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practitioners of London by the rapidity of his motions and the graceful figure which he cut. Some one cried "West! West!" it was Colonel Howe. "I am glad to see you," said he, "and not the less so that you come in good time to vindicate my praises of American skating." He called to him Lord Spencer Hamilton and some of the Cavendishes, to whom he introduced West as one of the Philadelphia prodigies, and requested him to show them what was called "The Salute." He performed this feat so much to their satisfaction, that they went away spreading the praises of the American skater over London. Nor was the considerate Quaker insensible to the value of such commendations; he continued to frequent the Serpentine and to gratify large crowds by cutting the Philadelphia Salute. Many to their praise of his skating added panegyrics on his professional skill, and not a few, to vindicate their applause, followed him to his easel, and sat for their portraits.

While West was painting the Departure of Regulus, the present Royal Academy was planned. The Society of Incorporated Artists, of which he was a member, had grown rich by yearly exhibitions, and how to lay out this money became the subject of vehement debate. The architects were for a house, the sculptors for statues, and the painters proposed a large gallery for historical works, while a mean and sordid member or two voted to let it lie and grow more, for it was pleasant to see riches accumulate. West, who happened to be a director, approved of none of these notions, and with Reynolds withdrew from the association. The newspapers of the day noticed these indecent bickerings, and the King, learning the cause from the lips of West, declared that he was ready to patronise any association formed on principles calculated to advance t'He interests of art. A plan was proposed by some of the dissenters, and submitted to his Majesty, who corrected it, and drew up some additional articles with his own hand.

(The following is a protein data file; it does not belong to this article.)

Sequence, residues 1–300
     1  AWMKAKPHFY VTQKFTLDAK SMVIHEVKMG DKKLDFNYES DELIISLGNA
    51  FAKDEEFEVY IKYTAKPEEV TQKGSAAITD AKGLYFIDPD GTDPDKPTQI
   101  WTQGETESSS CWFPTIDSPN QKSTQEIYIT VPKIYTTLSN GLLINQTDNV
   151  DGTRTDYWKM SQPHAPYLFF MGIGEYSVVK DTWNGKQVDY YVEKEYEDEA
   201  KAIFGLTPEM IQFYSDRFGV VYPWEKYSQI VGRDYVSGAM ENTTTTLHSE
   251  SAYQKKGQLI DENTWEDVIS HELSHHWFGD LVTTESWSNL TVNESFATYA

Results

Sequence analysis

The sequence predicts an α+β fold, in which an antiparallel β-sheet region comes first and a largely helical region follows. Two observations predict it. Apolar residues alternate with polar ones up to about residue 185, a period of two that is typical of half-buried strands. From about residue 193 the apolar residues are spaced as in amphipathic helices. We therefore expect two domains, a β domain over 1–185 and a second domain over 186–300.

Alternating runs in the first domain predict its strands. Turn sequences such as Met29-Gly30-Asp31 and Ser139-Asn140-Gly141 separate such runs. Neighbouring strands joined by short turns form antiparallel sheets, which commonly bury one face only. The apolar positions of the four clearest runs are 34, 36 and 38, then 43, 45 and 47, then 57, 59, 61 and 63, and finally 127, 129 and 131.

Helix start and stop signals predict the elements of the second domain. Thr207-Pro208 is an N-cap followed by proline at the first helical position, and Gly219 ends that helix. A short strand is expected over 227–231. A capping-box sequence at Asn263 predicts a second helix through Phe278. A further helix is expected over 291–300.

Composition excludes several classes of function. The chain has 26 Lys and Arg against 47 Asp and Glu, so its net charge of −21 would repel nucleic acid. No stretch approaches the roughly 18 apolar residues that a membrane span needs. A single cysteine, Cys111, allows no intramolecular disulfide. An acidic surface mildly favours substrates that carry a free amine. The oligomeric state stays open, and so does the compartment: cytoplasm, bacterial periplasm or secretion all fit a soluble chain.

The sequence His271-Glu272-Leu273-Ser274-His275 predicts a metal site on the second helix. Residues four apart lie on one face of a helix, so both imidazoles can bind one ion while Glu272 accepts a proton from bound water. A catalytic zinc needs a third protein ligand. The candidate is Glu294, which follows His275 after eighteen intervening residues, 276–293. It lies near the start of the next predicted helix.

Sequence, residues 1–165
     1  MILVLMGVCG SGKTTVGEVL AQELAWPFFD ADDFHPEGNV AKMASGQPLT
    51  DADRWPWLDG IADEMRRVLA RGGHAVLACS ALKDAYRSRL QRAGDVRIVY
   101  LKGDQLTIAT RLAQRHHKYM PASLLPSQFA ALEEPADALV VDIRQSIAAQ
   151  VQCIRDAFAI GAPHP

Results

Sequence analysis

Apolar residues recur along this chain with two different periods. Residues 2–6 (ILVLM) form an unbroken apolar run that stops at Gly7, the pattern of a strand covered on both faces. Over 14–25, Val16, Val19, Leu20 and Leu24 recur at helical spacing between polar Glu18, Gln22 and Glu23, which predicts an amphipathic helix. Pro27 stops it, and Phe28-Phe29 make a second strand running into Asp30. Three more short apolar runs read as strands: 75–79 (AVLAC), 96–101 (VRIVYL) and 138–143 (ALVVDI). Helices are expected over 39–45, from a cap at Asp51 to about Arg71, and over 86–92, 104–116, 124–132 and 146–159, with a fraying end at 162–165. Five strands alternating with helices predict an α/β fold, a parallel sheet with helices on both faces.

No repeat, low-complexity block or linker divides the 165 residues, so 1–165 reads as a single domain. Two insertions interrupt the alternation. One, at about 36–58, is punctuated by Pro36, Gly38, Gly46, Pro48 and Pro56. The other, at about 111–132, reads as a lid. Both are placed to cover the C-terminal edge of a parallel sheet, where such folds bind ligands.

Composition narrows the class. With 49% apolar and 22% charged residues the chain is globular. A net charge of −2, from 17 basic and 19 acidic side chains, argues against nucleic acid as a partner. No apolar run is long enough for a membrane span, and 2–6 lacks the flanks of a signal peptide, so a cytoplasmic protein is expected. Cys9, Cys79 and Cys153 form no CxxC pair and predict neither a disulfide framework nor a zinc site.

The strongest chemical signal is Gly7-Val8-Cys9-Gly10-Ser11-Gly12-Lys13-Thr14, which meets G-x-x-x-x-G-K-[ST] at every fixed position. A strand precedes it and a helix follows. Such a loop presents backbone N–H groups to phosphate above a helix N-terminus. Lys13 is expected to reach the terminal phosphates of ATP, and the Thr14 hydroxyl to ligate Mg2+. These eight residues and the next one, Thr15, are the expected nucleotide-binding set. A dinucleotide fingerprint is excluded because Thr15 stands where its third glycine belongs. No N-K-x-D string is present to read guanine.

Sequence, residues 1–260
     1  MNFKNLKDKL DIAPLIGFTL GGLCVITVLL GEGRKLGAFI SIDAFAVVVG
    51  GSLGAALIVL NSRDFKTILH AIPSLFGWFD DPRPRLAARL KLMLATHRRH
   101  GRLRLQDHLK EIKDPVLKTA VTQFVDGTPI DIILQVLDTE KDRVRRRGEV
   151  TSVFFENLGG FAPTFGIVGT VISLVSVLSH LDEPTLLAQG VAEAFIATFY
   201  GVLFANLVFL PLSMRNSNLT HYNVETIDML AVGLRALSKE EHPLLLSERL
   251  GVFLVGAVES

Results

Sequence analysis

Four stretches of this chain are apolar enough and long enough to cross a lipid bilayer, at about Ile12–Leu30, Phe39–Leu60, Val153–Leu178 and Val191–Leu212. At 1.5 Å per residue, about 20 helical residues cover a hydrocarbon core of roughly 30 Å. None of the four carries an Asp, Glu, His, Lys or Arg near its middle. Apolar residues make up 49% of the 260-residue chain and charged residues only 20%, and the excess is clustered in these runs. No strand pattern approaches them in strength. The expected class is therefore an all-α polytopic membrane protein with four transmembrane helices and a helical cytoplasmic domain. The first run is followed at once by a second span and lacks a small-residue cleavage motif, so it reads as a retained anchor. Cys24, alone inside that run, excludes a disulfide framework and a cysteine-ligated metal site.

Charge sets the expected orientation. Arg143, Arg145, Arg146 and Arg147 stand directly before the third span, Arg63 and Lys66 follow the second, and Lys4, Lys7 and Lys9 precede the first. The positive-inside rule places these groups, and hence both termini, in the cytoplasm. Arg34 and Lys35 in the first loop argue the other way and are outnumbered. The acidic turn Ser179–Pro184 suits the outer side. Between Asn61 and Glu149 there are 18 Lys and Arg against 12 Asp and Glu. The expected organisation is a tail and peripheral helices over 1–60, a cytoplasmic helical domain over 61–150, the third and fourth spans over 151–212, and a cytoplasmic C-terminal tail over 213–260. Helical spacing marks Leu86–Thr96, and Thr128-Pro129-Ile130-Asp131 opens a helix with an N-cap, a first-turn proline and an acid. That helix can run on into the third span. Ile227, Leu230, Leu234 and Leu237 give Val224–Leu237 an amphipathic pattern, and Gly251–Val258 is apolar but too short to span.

Meanwhile, the Incorporated Artists continued their debates, in total ignorance that their dissenting brethren were laying the foundation of a surer structure than their own. Kirby, teacher of perspective to the King, had been chosen President: but so secretly was all managed, that he had never heard a whisper in the palace concerning the new academy, and in his inaugural address from the chair, he assured his companions that his Majesty would not countenance the schismatics. While West was one day busy with his Regulus, the King and Queen looking on, Kirby was announced, and his Majesty, having consulted his consort in German, admitted him, and introduced him to West, to whose person he was a stranger. He looked at the picture, praised it warmly, and congratulated the artist f then, turning to the King, said, " Your Majesty never mentioned any thing of this work to me; who made the frame? it is not made by one of your Majesty's workmen; it ought to have been made by the royal carver and gilder." To this impertinence the King answered, with great calmness, "Kirby, whenever you are able to paint me such a picture as this, your friend shall make the frame." "I hope, Mr. West," said Kirby," that you intend to exhibit this picture V "It is painted for the palace," said West, " and its exhibition must depend upon his Majesty's pleasure.' "Assuredly," said the King, " I shall be very happy to let the work be shown to the public." "Then, Mr. West," said Kirby, " you will send it to my exhibition." "No V interrupted his Majesty," it must go to my exhibition—to that of the Royal Academy." The President of the Associated Artists bowed with much humility and retired. He did not long survive this mortification, and his death was imputed by the founders of the new academy to jealousy of their rising establishment, but by those who knew him well, to a more ordinary cause, the decay of nature. The Royal Academy was founded, and in its first exhibition appeared the Regulus.

A change was now to be effected in the character of British art; hitherto historical painting had appeared in a masking habit: the actions of Englishmen seemed all to have been performed, if costume were to be believed, by Greeks or by Romans. West dismissed at once this pedantry, and restored nature and propriety in his noble work of "The Death of Wolfe." The multitude acknowledged its excellence at once. The lovers of old art, the manufacturers of compositions called by courtesy classical, complained of the barbarism of boots, and buttons, and blunderbusses, and cried out for naked warriors, with bows, bucklers, and battering rams. Lord Grosvenor, disregarding the frowns of the amateurs, and the, at best, cold approbation of the Academy, purchased this work, which, in spite of laced coats and cocked hats, is one of the best of our historical pictures. The Indian warrior, watching the dying hero, to see if he equalled in fortitude the children of the deserts, is a fine stroke of nature and poetry.